Group Psychology and the Analysis of the Ego

A marathon reading of Freud’s landmark text.

First published in 1921, Freud’s Group Psychology and the Analysis of the Ego raises questions about a host of pertinent contemporary problems.

From the role of the leader today, tribalism, the triumph of modern masses, and what separates the individual from his or her subjectivity and lived history, this reading encourages listeners to think about this classic text in relation to our own era.

Chapter 1: Introduction

“In the individual’s mental life someone else is invariably involved, as a model, as an object, as a helper, as an opponent; and so from the very first individual psychology, in this extended but entirely justifiable sense of the words, is at the same time social psychology as well.”

Chapter 2: Le Bon’s Description of the Group Mind

“It is easy to prove how much the individual forming part of a group differs from the isolated individual, but it is less easy to discover the causes of this difference.”

Chapter 3: Other Accounts of Collective Mental Life

“On the one hand the group mind is capable of creative genius… as is shown above all by language itself, as well as by folk-song, folklore and the like…. The minds of lower intelligence bring down those of a higher order to their own level.”

Chapter 4: Suggestion and Libido

“I said to myself that [forcing someone to accept your words under hypnosis] was an evident injustice and an act of violence.”

Chapter 5: Two Artificial Groups: The Church and the Army

“Christ stands to the individual members of the group of believers in the relation of a kind elder brother; he is their substitute father.” · “Every captain is, as it were, the Commander-in-Chief and the father of his company.” · “It is to be noticed that in these two artificial groups each individual is bound by libidinal ties on the one hand to the leader (Christ, the Commander-in-Chief) and on the other hand to the other members of the group.”

Chapter 6: Further Problems and Lines of Work

“According to Schopenhauer’s famous simile of the freezing porcupines no one can tolerate a too intimate approach to his neighbour.”

Chapter 7: Identification

“The cannibal has a devouring affection for his enemies and only devours people of whom he is fond.”

Chapter 8: Being In Love and Hypnosis

“A man will show a sentimental enthusiasm for women whom he deeply respects, but he will only be potent with other women whom he despises.”

Chapter 9: The Herd Instinct

“If one cannot be the favourite oneself, at all events nobody else shall be the favourite.”

Chapter 10: The Group and the Primal Horde

“Just as primitive man survives potentially in every individual, so the primal horde may arise once more out of any random collection.”

Chapter 11: A Differentiating Grade in the Libido

“There is always a feeling of triumph when something in the ego coincides with the ego ideal. And the sense of guilt (as well as the sense of inferiority) can also be understood as an expression of tension between the ego and the ego ideal.”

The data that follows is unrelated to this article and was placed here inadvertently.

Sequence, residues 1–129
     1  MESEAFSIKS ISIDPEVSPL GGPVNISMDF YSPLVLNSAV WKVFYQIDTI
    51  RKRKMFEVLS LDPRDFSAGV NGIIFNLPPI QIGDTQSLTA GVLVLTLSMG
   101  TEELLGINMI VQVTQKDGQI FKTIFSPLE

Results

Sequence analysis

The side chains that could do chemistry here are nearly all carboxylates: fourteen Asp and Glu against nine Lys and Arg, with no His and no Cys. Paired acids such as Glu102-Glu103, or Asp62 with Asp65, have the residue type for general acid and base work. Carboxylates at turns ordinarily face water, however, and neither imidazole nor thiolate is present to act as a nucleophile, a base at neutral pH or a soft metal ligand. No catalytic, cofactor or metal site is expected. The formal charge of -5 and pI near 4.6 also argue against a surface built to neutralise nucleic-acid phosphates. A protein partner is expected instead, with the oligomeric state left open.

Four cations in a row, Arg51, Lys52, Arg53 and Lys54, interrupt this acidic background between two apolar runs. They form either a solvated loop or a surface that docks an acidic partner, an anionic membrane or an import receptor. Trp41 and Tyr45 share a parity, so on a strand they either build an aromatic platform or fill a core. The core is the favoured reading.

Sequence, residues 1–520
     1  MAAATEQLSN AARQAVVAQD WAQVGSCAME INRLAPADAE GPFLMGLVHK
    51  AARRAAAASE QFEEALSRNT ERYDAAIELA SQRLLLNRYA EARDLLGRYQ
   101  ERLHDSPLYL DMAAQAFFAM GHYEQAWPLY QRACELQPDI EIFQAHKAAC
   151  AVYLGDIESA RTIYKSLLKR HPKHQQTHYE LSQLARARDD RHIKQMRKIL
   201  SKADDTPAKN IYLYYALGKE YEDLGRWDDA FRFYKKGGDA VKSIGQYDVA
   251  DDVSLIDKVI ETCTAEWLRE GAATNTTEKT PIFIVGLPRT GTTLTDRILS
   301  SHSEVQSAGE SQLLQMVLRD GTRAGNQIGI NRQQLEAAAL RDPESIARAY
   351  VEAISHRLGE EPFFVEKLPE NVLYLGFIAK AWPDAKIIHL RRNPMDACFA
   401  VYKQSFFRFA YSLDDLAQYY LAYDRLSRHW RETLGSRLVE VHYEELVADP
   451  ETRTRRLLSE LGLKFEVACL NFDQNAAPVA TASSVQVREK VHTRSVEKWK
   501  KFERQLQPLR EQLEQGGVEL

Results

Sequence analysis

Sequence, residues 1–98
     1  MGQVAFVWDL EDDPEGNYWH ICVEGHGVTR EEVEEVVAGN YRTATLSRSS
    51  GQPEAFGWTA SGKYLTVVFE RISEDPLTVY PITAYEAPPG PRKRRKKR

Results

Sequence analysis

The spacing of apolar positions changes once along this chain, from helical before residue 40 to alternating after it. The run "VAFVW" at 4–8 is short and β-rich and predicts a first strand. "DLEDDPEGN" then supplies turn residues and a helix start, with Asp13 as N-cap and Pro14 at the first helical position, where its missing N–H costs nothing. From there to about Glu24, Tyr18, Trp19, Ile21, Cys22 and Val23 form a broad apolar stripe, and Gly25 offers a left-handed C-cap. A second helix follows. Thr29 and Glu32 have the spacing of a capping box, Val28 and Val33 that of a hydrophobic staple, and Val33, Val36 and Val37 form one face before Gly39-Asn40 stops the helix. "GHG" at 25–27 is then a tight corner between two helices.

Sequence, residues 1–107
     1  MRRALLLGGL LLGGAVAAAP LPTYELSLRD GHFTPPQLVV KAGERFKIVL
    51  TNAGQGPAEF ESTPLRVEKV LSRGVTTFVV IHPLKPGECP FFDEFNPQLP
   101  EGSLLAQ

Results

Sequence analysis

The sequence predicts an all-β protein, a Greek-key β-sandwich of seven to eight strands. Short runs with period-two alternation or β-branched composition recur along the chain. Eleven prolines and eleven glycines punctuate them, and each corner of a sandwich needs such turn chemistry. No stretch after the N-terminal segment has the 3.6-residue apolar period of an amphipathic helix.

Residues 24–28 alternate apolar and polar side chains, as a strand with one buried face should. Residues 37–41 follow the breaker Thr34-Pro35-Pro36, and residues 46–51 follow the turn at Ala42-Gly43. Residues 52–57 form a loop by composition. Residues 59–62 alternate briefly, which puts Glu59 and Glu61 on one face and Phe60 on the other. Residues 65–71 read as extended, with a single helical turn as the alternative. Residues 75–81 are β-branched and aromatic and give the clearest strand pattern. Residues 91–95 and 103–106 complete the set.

Chapter 12: Postscript

“Neuroses are extraordinarily rich in content, for they embrace all possible relations between the ego and the object – both those in which the object is retained and others in which it is abandoned or erected inside the ego itself.”

Readers include:

Janet Haney, event coordinator, Laboratory for Lacanian Politics UK

Sophia Berouka, Laboratory for Lacanian Politics UK

Sue Blundell, playwright

Faisal Bokhammas, Birkbeck, University of London

Howard Britton, economist

Marie-Hélène Brousse, psychoanalyst, editor of The Lacanian Review

Bernard Burgoyne, psychoanalyst, mathematician

Vincent Dachy, psychoanalyst, scribbler and resolute amateur

Francine Danniau, psychoanalyst, writer, Belgium

Paul Dineen, actor

Philip Dravers, Chair, London Society NLS

Alasdair Duncan, autism support worker

Jeff Evans, statistician

Stephen Frosh, Birkbeck, University of London

Nancy Gillespie, Lacanian Compass, NYC

John Haney, writer, co-curator, PoetrySlabs

Earl Hopper, group analyst

Ven. Julian Hubbard, Director of Ministry for the Church of England

Michele Julien, Laboratory for Lacanian Politics UK

Joan Raphael-Leff, psychoanalyst, Anna Freud Centre

Roger Litten, Director, Laboratory for Lacanian Politics UK

Henrik Lynggaard, clinical psychologist, systemic psychotherapist

Max Maher, Essex University

Aino-Marjatta Mäki, Kingston University

Peggy Papada, clinical psychologist, practicing analyst, former dancer

Ivan Ward, Freud Museum

Scott Wilson, Kingston University

Bogdan Wolf, Laboratory for Lacanian Politics UK

Colin Wright, Nottingham University

Alejandro Sessa, accueillant, Le Courtil, Belgium

Anthony Stadlen, psychoanalyst, daseinsanalyst

Laura Tarsia, psychoanalyst

Patricia Tassara, psychoanalyst, Spain

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